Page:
China’s largest rare earths producer has said it has won official approval to set up the nation’s first exchange for the coveted minerals, in a move analysts said would further regulate the market.
The government of Inner Mongolia has approved the establishment of the exchange in the city of Baotou, Baotou Steel Rare Earth Hi-Tech Co (包鋼稀土高科技) said in a statement filed with the Shanghai bourse on Thursday.
The Inner Mongolia regional government has ordered the rare earths producer and Inner Mongolia Hi-Tech Holdings Co Ltd (內蒙古高新控) to set up a company “as soon as possible” to operate the exchange, according to the statement.
The exchange is not allowed to deal in futures trading, it said, meaning it would only be able to handle spot transactions of the minerals — 17 elements critical to making everything from iPods to electric cars and missiles.
Sang Yongliang (桑永亮), a Shanghai-based analyst with Guotai Junan Securities (國泰君安證券), said the Baotou bourse was “aimed at strengthening China’s rare earth pricing power.”
“It will also make market information more transparent. Currently, trades are quite dispersed and traders set prices with their downstream customers separately, which has made the market a bit chaotic,” Sang said.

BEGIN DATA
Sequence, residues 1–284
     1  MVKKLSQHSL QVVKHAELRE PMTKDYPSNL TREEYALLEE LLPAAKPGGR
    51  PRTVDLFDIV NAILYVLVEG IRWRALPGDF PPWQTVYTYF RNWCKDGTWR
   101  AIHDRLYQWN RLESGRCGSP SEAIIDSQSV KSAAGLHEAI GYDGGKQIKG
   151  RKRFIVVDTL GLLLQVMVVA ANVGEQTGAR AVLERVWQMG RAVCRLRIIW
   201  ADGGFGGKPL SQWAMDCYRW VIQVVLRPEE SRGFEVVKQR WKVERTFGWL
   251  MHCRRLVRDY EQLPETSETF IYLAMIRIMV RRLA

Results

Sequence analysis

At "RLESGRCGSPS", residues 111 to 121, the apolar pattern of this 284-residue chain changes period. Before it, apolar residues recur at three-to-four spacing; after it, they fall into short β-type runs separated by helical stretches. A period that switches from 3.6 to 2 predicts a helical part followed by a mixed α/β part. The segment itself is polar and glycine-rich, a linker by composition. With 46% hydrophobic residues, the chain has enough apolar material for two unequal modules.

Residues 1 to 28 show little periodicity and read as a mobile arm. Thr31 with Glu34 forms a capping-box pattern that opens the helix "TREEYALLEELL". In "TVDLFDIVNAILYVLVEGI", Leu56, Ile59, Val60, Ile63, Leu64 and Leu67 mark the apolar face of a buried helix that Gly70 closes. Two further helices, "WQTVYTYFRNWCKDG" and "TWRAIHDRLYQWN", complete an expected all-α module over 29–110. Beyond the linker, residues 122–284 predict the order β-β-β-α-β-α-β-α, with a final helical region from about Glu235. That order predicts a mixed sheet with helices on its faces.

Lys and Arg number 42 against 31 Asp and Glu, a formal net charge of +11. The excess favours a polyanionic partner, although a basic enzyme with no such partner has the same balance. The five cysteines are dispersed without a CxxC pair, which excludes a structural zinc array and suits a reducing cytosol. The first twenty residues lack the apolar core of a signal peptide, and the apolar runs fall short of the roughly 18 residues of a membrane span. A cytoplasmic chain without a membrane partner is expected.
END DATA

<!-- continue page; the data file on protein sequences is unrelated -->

China produces more than 95 percent of the world’s rare earths. State media has reported that Baotou holds 87 percent of the country’s reserves of the elements and accounts for about half of the nation’s rare earths exports.
Beijing has taken a series of measures to tighten its grip over the highly sought-after minerals, citing environmental concerns, leading to a surge in prices and triggering mounting complaints from foreign buyers.
The government has cut rare earths exports for the first half of this year by 35 percent compared with a year earlier, having slashed the quota by 72 percent for the second half of last year.
It has also set tougher environmental standards for the industry, restricted production capacity in projects that separate rare earths from crude ores and raised taxes.